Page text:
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IN consequence of the separation of what is now the State of Maine from Massachusetts, in the year 1820, it became necessary to make some change in the constitution of the Commonwealth. The opportunity was thought a favorable one for a general revision of that instrument, which had undergone no amendment since its adoption in 1780. Delegates were accordingly chosen by the people to meet in convention for this purpose,

the several towns and districts in the Commonwealth (there were then no cities) being allowed as many delegates as they were respectively entitled to send members to the House of Representat.ves of the State. Mr. Webster was among the delegates chosen by the town of Boston, and took an active and distinguished part in the business of the convention, both in committee-room and in debate.

As soon as the body was organized by the choice of its officers, the chief provisions of the existing constitution were referred to select com. mittees, instructed to consider and report whether any, and if any, what amendments were desirable to be made in them. The subject of the official oaths and subscriptions required by the sixth chapter of the second part of the constitution was referred to a committee for this purpose, of which Mr. Webster was chairman. A report was made by this committee, recommending that, in lieu of all oaths and subscriptions then required, a simple oath of allegiance to the Commonwealth, together with the oath of office, should be taken by all persons chosen or appointed to office. The most important feature of these proposed changes was, that a profession of belief in the Christian religion was no longer required as a qualification for office.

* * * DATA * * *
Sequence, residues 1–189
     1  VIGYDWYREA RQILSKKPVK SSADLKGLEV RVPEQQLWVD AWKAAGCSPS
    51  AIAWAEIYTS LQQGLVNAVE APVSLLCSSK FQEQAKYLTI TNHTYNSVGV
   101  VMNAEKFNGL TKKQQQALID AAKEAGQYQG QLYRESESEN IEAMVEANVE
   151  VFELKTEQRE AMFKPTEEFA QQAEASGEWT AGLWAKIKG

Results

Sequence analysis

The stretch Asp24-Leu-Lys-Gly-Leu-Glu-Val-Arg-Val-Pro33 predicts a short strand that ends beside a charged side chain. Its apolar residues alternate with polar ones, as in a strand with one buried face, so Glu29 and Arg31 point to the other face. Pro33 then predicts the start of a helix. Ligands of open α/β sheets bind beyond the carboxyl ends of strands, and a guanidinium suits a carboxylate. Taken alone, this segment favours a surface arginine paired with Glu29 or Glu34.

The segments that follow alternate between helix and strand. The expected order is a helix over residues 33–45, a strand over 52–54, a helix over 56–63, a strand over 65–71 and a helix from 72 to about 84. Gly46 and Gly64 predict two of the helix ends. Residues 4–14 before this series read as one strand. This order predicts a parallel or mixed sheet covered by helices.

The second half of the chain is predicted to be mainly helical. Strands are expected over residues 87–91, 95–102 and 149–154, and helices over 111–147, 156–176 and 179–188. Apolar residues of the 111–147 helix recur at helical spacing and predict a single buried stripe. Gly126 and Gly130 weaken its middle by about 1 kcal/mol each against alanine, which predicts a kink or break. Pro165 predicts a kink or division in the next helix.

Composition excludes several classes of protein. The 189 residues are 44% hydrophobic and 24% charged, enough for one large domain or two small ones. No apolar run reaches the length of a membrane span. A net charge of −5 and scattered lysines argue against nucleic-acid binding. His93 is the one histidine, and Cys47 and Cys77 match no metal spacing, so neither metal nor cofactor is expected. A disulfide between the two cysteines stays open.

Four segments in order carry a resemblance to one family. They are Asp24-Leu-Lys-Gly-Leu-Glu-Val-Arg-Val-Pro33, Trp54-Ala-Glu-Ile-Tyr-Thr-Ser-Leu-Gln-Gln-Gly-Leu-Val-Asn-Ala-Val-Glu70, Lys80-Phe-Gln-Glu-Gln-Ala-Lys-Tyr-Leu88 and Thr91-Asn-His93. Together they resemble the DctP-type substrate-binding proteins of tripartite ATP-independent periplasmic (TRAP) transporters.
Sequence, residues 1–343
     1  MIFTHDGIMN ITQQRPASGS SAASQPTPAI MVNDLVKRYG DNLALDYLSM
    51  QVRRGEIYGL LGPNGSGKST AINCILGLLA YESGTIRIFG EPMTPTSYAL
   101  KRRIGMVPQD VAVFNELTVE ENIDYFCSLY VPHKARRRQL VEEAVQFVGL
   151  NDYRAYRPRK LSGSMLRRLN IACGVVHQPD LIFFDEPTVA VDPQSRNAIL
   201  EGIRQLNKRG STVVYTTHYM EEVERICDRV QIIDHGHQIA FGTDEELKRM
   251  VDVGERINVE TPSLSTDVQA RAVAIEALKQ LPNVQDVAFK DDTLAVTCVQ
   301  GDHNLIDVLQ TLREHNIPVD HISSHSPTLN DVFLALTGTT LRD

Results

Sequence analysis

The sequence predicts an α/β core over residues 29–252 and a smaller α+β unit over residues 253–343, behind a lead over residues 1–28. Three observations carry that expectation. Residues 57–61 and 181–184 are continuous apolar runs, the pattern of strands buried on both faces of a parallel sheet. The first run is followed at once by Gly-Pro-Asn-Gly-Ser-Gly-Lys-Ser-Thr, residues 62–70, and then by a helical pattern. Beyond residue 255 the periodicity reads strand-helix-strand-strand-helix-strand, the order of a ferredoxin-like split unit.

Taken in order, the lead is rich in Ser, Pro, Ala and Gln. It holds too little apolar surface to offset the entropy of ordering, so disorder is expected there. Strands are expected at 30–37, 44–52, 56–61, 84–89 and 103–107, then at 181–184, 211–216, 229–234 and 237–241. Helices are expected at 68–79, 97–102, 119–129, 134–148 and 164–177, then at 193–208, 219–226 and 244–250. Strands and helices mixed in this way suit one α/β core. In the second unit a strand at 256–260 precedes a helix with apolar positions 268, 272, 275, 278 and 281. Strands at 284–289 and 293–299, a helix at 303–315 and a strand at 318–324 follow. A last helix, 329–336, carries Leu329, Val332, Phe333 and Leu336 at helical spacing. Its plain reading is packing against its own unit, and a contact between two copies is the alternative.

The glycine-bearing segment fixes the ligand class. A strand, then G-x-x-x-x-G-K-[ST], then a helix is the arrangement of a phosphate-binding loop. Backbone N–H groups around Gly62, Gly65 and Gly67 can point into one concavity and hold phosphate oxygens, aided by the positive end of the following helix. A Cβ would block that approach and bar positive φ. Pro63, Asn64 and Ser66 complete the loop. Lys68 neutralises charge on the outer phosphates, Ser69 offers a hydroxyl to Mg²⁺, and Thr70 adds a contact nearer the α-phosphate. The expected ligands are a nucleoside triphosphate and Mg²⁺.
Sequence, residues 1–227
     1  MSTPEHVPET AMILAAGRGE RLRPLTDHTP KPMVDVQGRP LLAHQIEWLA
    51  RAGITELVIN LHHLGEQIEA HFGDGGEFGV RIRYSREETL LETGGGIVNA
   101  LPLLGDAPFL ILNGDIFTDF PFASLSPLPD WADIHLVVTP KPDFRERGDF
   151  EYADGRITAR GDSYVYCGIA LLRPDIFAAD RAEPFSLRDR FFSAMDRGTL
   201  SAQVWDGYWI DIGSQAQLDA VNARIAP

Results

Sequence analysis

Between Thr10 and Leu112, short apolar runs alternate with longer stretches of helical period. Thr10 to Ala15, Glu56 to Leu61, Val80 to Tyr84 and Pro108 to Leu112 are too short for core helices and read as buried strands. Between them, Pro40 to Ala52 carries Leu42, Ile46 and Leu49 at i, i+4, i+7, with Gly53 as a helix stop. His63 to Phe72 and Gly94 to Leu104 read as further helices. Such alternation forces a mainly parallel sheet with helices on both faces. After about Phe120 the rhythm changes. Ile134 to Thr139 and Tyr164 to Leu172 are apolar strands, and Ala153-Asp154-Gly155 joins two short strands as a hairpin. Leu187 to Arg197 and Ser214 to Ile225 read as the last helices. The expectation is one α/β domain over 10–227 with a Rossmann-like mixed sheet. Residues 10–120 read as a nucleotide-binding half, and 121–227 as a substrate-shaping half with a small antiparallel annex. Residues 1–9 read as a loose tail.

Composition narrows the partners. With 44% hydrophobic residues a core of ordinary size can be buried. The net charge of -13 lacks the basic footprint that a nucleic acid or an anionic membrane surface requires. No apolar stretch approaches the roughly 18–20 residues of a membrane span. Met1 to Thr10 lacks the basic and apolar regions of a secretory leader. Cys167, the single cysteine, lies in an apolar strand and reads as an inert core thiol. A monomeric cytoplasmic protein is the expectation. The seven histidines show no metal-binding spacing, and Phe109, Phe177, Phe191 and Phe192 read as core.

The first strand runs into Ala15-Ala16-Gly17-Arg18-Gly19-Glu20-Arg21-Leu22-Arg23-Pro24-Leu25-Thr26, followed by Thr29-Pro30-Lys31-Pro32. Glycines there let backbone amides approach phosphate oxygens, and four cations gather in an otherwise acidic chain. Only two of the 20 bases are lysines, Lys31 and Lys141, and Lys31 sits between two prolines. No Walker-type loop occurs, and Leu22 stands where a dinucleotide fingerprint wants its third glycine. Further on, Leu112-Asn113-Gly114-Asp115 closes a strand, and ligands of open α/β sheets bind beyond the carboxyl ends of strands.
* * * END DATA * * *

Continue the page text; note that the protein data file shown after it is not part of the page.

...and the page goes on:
The resolutions reported by this committee became the subject of a discussion, in the course of which, on the 4th of December, 1820, Mr. Webster made the following remarks:

Remarks, made on the 4th of December, 1820, in the Convention of Delegates chosen to revise the Constitution of Massachusetts, upon the Resolution relating to Oaths of Office.

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